I developed a condition called “Golfer’s Elbow”. Turns out my tendons are too weak for all that pulling and grabbing. So now I cannot roll as much anymore. Treatment methods are limited, and nothing has really worked for me so far. And I’m not the only one with chronic injuries…So be aware of that. Jiu Jitsu takes a toll on your body over time.
Whenever I speak to one of the higher belts, they tell me how many injuries they had and how bad their knees, backs, or necks are. It’s accumulated injury over time.
6. Lack of Proper Warm-Up
Many BJJ injuries come from lazy warm-ups. In other martial arts, such as wrestling, the warm-up is emphasized. In my experience, many BJJ gyms don’t prioritize this and have lazy warm-ups.
I didn’t prioritize warm-ups either. If I wasn’t told, I wouldn’t do it. But now, because of my chronic elbow injury, I make sure to warm up my elbows before practice starts.
I went to some gyms where many start rolling before the actual start of the training. Also, a warm-up in Jiu Jitsu typically lasts 5-10 minutes, compared to Wrestling practice, where we warm up for 30 minutes.
A lack of proper warm-up increases the injury risks, especially in intense grappling and ground fighting. Trust me, I’m speaking from experience.
What Are Common Injuries In Brazilian Jiu Jitsu?
Brazilian Jiu-Jitsu (BJJ) is a contact sport where you grapple and spar with each other. While BJJ usually emphasizes safety, injuries can and do happen. The risk of getting hurt varies based on several factors, including training intensity, technique, and even individual gyms’ safety protocols.
Though there are fewer injuries in BJJ compared to some other combat sports, the number of injuries can still be significant. Here’s a list of common jiu-jitsu injuries that BJJ athletes encounter:
- Lower Back Pain: Often coming from bad posture during rolling or overtraining.
- Neck Injuries: Often from getting choked.
- Disc Injuries: From forceful twisting or bending.
- Knee Injuries: From takedowns to leg locks
- Shoulder Injuries: From intense sparring sessions.
- Skin Infections: If hygiene protocols are not followed.
- Wrist and Hand Injuries: From defending against grips or during falls.
- Elbow Injuries: Result of armbars and too-late tapping.
- Rib and Chest Injuries: From pressure or accidental strikes.
To reduce the risk of these and other injuries, you must be aware of your body, train responsibly, and follow our safety measures.
If you want to know more about the specific injuries – how often they occur, how you deal with them, and how to avoid them, then read our post on the 9 most common injuries in BJJ.
5 Tips To Reduce The Risk Of Injuries in BJJ
The joy and growth in BJJ come from consistent practice, but please make sure to stay safe. If you get injured, the consistency goes out the window.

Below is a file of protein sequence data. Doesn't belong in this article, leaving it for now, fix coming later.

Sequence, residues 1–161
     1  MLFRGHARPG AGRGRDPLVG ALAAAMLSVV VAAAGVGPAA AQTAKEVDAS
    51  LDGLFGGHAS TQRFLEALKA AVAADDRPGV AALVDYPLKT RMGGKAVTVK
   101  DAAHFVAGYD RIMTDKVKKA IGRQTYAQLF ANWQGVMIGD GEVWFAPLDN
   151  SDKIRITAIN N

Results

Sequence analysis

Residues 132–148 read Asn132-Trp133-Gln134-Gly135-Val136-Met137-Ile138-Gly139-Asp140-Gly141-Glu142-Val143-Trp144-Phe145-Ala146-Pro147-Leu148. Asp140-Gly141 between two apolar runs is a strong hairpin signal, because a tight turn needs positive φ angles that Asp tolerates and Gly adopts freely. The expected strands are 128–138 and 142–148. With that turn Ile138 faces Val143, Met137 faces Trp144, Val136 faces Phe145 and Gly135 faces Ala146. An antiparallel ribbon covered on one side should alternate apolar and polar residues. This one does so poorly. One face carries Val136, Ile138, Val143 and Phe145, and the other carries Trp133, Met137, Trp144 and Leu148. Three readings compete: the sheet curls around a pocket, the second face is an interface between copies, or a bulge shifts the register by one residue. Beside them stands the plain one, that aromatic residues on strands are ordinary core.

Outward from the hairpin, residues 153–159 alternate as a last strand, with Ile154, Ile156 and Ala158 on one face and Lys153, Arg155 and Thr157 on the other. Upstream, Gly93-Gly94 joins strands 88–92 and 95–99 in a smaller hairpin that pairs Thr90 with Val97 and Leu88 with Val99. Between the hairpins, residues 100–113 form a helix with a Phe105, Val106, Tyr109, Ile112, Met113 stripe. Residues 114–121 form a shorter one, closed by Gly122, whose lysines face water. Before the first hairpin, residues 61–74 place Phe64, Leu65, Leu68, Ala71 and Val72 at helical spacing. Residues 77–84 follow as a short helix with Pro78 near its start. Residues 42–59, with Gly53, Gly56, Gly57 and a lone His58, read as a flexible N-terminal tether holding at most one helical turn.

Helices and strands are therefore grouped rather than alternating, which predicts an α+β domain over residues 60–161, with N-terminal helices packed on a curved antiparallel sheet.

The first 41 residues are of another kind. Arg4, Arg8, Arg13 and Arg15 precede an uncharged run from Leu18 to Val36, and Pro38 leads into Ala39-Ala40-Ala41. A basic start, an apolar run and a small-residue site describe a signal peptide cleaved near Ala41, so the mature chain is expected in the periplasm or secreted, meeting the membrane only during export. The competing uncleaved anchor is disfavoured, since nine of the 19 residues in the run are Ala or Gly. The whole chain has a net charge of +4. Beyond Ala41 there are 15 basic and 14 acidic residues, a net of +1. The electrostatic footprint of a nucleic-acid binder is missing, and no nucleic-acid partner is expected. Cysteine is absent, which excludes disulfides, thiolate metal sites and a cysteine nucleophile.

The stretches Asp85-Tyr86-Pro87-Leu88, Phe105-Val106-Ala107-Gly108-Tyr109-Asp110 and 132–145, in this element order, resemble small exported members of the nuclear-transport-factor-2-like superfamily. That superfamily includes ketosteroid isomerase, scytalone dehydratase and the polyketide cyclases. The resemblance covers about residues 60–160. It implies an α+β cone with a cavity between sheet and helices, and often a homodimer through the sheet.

So, avoiding injury is the best way to improve your jiu-jitsu skills. Here are practical measures and tips to ensure your BJJ training is fulfilling and safe.
1. Warm Up Correctly
Proper warming up is essential to prepare the body for the physical demands of BJJ. It’s important to warm up the neck, knees, hips, arms, legs, and other vital areas.
Unfortunately, I have been to many Gyms that ignore warm-ups completely.
If your gym doesn’t do enough warm-up exercises, make it a point to come 5 minutes earlier and start warming up yourself. This will avoid injuries and ensure you stay consistent.
2. Tap Out Early
In BJJ, tapping out is a clear signal to your partner that you are in discomfort or pain. Especially when caught in dangerous submissions such as leg locks, tap immediately.
There’s no shame in tapping, and it’s better to tap out too early than too late. Learning when to tap out can save you from unnecessary injuries.
There were a couple of times when I tapped too late. And I paid with problems in my knee for weeks.
3. Choose the Right Rolling Partners
Knowing who you’re comfortable rolling with is important. As you train BJJ, you’ll recognize who you want to spar with. Seek them out, and don’t hesitate to ask them to roll with you. This proactive approach will lead to more enjoyable and safer sparring sessions.
If you wait to be chosen, you won’t have control over who to roll with. Plus, the probability will be higher that you will get chosen by somebody nobody wants to roll with.
4. Invest in Protective Gear
Quality gear is important for you to stay safe while training. I didn’t do that in the beginning, and I paid for it with bruises and headaches.
5. Don’t Overtrain
Consistency might be key in BJJ, but overtraining can lead to many injuries. Listen to your body and know when to stop or skip a class to recover. If you’re injured, attend only for the drills or take time off to heal completely.
Trust me, I have experience with this. I was so caught up in not missing practice that I ignored all signs until the pain got to me. The end result – I had to pause for a month…
So now, if I have problems with my elbow or other areas, I come for the drilling sessions and skip the rolling part. In the end, Jiu Jitsu is about frequency, not intensity.
Conclusion: Is Jiu Jitsu Dangerous?
The short answer is yes, training Jiu-Jitsu can be dangerous, but it is generally more safe than other martial arts. It’s often referred to as a gentle art, and indeed, it is designed to avoid injuries for the most part.
However, injuries can happen if you don’t follow the rules and the tips mentioned earlier. Like in any sport, getting an injury is a normal part of the process, but you can minimize the risk.
While it may be less prone to immediate injuries, accumulated chronic pains such as knee or back pain are common injuries since practitioners spend so much time rolling on the mats.
As a BJJ athlete, rolling is a significant part of the practice, something that distinguishes it from many other martial arts. Therefore, being aware of your body, following safety guidelines, and respecting the art will keep you safe.
As for my personal experience, I love BJJ. I never had serious injuries from BJJ (knock on wood), but I encountered small injuries here and there. In comparison to other martial arts I practiced, Jiu Jitsu has been much safer for me. So far, so good.
Jiu Jitsu offers a unique mix of physical exercise, mental challenge, and personal growth. It can be as safe or as risky as your practice makes it. Being mindful of the guidelines shared in this post can help you enjoy the art while keeping the risks at a minimum.
So this post shouldn’t lead you to not do jiu jitsu, it’s there to inform you and to make you aware of how you minimize the risk of injury or at least decrease your injury rate. Stay safe!